Music and Vision homepage


Ask Alice, with Alice McVeigh

Classical music's agony aunt
ALICE McVEIGH visits Legoland (?!)

Dear Alice,

What are the best strings for cello? I am still at secondary school, but I'm lucky enough to have inherited a lovely 1700s English cello and I'm trying for Grade eight this year.

L Harvey, Bath

Dear L Harvey,

There are some people -- some of whom I actually know -- who could bore for England on the subject of cello strings, but I am not one of them. It is also a fact that the same strings which gloriously open up the tone of cello A make, for some inexplicable reason, cello B sound like a hacksaw let loose on some inoffensive pine tree at disconcertingly close range. Also, players' ideals of sound vary wildly, not to mention the fact that making recommendations without actually trying the cello concerned is fraught with danger.

However, as you have managed to stray into one of my many areas of (moderate) competence, I can at least tell you from my own experience that I've tried at one time or another almost every available string combinations on all of my own cellos and come down on Larsen Soloist A and D (medium) and Helicore on G and C. The Larsen lower strings are pretty generally accepted to be inferior to the top two, and the Helicore do give a lovely deep, rich and satisfying timbre. (They cost more than most, but the sheen on the sound also lasts longer.) Don't be shy about buying the 'soloist' Larsens rather than the regular Larsen -- most serious players do, and it seems to me that they do have a bit more projection. (But don't overlook the possibility they might just be exactly the same strings, put in different packets and sold to gullible cellists by those thigh-slapping folk at Larsen!!!!!)

Anyway, all the best for your exam!!!!!!!!! Don't let yourself be intimidated by the (false) mystique Grade 8 possesses. Just tell yourself that you have something to say in the piece (whatever piece it is) and go out there and say it.


Ask Alice

Now, as a writer, I labour under terrible disadvantages.

My parents never abused me, and the servants we had abroad never even let me make my bed. Despite provocation, my husband Simon still cruelly neglects to beat me, and gracefully surmounts my every effort to sink us into debt-ridden misery. I have yet to be afflicted with any disease more serious than appendicitis, and infertility (which had at least the makings of a major tragedy) I was fortunate enough to overcome. Both my parents are still with us: indeed, they can (irritatingly) still defeat me at tennis. In short, in terms of suffering, I am an also-ran, a bit-player, even. Apart from a couple of terrible love affairs, tragedy has skirted me to the extent that, to potential biographers, I so far represent a near-total loss.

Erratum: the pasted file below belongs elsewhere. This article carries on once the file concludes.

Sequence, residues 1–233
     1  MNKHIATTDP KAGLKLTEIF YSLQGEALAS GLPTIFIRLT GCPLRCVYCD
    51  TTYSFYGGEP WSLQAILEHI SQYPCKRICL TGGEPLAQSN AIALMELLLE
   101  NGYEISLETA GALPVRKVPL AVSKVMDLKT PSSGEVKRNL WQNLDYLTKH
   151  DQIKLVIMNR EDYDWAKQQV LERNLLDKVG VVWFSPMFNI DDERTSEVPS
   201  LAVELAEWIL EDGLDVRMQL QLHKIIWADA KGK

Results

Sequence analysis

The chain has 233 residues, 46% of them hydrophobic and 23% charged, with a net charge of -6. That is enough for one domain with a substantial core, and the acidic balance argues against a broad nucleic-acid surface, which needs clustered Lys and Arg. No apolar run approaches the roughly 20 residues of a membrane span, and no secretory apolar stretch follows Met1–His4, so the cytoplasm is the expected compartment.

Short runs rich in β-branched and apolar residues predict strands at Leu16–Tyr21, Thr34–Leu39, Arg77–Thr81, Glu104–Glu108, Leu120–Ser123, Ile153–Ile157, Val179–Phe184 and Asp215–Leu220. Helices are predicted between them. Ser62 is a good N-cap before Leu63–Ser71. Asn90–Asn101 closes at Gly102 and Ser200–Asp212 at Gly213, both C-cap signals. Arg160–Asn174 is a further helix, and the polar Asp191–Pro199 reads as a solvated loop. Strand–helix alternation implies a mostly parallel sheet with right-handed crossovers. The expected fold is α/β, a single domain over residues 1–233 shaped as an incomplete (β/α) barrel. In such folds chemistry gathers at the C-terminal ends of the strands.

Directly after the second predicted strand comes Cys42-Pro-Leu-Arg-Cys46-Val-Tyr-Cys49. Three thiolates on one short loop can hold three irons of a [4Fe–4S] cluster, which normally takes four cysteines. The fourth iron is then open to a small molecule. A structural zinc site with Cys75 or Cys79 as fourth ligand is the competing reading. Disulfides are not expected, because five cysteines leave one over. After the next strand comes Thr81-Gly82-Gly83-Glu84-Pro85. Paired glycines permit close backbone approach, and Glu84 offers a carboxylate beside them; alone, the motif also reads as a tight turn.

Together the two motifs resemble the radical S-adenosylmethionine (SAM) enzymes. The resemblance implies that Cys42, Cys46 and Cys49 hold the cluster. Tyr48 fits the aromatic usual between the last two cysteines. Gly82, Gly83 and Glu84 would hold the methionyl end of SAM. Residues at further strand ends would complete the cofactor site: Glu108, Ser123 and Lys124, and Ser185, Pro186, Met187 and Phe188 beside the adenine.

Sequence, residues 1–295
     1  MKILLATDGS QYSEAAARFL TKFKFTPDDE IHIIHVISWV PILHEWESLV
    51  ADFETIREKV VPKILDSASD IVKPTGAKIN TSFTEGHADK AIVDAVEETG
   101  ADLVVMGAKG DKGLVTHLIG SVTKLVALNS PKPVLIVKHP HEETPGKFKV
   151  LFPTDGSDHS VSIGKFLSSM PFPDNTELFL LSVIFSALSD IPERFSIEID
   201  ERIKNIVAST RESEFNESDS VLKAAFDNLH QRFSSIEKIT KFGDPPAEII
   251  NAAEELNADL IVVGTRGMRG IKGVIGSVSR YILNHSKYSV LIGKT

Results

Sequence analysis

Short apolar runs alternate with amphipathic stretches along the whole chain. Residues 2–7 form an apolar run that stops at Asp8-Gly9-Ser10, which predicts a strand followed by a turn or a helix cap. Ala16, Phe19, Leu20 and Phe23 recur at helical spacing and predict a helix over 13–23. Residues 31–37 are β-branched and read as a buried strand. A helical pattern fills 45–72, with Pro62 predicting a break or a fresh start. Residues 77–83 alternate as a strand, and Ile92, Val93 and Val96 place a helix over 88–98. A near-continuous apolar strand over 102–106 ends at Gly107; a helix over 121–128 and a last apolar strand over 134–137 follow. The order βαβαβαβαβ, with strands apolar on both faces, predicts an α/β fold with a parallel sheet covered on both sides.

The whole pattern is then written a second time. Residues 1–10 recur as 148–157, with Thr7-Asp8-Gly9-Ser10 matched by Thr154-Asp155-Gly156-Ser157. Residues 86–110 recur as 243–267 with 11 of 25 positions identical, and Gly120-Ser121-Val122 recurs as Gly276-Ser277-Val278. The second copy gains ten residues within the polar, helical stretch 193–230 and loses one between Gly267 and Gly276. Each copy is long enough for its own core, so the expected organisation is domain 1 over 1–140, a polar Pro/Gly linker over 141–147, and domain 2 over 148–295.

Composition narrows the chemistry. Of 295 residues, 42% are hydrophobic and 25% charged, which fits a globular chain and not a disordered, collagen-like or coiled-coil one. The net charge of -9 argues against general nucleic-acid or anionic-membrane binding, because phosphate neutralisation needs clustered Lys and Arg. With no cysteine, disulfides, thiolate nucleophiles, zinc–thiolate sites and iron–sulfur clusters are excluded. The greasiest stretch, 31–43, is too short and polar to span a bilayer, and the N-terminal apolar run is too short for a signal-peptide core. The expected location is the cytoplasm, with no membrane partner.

But no longer!!!!!!!!!! As of yesterday, all this has changed!!!!!!!!!!!! At long last I can look a starving Ethiopian in the eye, saying, 'Comrade! Brother!' For now I too known true suffering. Yes, I too have taken my daughter to Legoland!!!!!!!!!!!!!!!!!!

Now I admit that I was at least partly to blame, because I am an avid reader of the Sunday papers, and Sunday papers, as you know, do not feel that they have done their bit to elevate and amuse without lists of fun days with the kids, listed in order of appeal from one to a hundred, and in said lists, Legoland is always at the top. Legoland isn't full of older, drugged-up kids whooping it up on skyscraper-sized twisters; Legoland is great for five-year-olds. Expensive but accessible, Legoland is a rite of passage. In Orpington, not taking your kid to Legoland incurs the worried frown and indrawn breath. Euro-Disney is an option but Legoland is inescapable, and Rachel's best friend Serena was gone all last week at Euro-Disney, and I thought I'd never hear the end of it. Simon's ideas on Euro-Disney being unprintable in a family magazine, you will just have to take it from me when I tell you that hell will freeze over before he takes Rachel to Euro-Disney.

Thus we rashly promised Rachel Legoland.

Now here I must briefly digress in order to moan about the Queen, so those ardent royalists among you should just wander off, make a cup of coffee, do your fingernails, whatever, and pop back after a paragraph or two.

Now, what is my beef with the Queen?